porn

Security Warning

The Canadian Anti Fraud Centre has been reporting an unusually high number of Scareware cases in Canada.

Apparently numerous PC users have been victimized by con artists claiming to be RCMP and/or CSIS officers, who demanded payment to clean the victims’ computers of child pornography and/or terrorism related material.

Like most scareware incidents, these begin with an unsolicited pop up message containing a warning of an infection that requires immediate attention, which appears on a victim’s computer screen whilst the victim is browsing the internet.

In this case, the victim is told they must send $100 or $250 via Ukash to unlock and clean their computer of the aforementioned illicit material. But there is of course no illicit material to remove on the victim’s computer.

When the victim clicks on the pop-up message, his or her computer is infected with malware, disabling access to the computer. But this infection can be avoided.

If you encounter this or a similar pop-up message :

  1. Do not click on the pop-up window.
  2. Close the browser via Task Manager or shut down your computer.

Enabling a pop-up blocker and regularly updating anti-virus software will prevent future occurrences.

Pop-up blockers have been implemented in all of the following browsers :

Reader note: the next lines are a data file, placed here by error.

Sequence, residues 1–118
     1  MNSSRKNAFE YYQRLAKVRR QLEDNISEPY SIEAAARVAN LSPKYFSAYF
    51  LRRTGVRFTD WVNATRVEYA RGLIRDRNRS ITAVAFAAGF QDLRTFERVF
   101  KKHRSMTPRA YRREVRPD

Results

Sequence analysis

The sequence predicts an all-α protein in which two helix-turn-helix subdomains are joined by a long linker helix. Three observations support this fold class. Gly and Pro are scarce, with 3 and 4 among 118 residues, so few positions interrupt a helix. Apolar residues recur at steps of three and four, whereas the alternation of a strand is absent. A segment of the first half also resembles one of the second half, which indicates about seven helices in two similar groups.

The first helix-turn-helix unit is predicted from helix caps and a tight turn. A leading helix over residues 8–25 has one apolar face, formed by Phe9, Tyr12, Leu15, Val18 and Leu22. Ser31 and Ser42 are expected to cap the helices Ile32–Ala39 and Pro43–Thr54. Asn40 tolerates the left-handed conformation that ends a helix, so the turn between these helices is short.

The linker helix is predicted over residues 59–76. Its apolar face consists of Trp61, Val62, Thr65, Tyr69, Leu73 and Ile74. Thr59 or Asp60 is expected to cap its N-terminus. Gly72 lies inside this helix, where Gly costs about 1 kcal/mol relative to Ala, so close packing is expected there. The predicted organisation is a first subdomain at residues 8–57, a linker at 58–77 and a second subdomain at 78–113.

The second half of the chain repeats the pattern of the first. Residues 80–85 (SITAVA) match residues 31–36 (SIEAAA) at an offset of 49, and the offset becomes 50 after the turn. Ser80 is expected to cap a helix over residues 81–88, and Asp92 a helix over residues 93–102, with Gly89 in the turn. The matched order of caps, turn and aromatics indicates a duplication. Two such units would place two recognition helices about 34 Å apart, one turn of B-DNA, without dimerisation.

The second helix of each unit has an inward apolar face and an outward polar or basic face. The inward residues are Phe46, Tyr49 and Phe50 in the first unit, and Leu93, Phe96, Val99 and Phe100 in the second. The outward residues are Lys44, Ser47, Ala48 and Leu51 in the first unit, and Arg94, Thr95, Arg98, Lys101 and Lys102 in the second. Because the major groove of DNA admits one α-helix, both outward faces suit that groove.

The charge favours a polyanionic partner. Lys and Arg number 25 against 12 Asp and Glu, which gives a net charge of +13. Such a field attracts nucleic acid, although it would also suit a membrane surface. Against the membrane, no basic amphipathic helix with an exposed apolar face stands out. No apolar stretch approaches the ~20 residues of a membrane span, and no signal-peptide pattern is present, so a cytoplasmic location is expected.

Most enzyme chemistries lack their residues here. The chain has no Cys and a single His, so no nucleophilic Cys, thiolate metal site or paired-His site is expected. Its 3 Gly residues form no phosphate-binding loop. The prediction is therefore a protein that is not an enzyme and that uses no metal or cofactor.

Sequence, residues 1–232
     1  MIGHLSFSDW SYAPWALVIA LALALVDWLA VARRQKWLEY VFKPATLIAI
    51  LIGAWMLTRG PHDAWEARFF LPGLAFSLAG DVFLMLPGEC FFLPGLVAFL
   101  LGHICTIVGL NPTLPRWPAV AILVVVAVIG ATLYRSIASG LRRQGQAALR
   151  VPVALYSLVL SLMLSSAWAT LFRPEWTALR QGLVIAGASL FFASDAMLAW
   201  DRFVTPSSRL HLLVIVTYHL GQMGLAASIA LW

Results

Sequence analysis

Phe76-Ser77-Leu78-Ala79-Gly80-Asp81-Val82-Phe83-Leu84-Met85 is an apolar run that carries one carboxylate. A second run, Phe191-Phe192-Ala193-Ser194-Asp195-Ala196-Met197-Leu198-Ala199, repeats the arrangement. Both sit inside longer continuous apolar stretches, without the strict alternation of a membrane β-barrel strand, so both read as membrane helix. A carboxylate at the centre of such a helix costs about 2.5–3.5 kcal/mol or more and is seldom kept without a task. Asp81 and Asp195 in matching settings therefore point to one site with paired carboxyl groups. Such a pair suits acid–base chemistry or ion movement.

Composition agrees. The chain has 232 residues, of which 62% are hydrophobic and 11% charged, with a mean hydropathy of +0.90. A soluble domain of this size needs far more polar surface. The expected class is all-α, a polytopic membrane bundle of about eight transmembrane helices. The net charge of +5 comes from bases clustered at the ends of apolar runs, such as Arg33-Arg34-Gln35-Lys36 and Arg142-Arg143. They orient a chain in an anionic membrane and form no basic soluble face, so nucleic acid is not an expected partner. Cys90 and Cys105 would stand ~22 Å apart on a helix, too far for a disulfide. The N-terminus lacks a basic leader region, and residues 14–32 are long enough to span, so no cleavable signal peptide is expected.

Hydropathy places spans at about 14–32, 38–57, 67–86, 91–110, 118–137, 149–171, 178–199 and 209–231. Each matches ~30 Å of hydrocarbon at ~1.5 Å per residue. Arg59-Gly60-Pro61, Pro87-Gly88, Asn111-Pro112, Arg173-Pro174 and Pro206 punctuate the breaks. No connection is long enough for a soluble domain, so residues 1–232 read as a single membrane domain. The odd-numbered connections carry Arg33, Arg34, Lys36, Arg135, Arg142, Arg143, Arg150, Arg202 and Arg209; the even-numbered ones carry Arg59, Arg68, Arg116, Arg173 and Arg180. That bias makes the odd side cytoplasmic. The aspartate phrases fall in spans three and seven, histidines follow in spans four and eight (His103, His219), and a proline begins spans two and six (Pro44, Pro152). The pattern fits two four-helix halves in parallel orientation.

Chrome / Firefox / Internet Explorer 7 or 8 / Opera /Safari

P2P Majority Agrees with Avenue Q ?

Appearently a recent Envisional study has found that the majority of Peer To Peer users believe that “The Internet Is For Porn“.

In attempting to discover how much copyrighted material is being pirated, the NBC Universal commissioned study found that out of the 10,000 transfered files they examined, 35.8% were porn, followed closely by film at 35.2% and television programing at 12.5%.

Of those 10,000 PublicBT files, only 2.9% were illegal music downloads. But of course the study also found that “23.76% of traffic was estimated to be infringing“, meaning that almost a quarter of all internet traffic involved copyright violations of some sort, excluding porn.

When concentrating on American transfers Envisional found that 17.53% of the transfers were infringing. And that 20% of the transfers were conducted on Peer To Peer networks, 13.8% of which were copyright violations.

The vast majority of streaming on the net was either legal or porn according to the study, video streaming accounting for 27% to 30% of the transfers. Only an estimated 1.56% of this streaming material was deemed infinging.

The study also establishes that 93.4% of Usenet posts contain copyrighted material, which is rather interesting. I had thought most people had given up on this antiquated distribution method.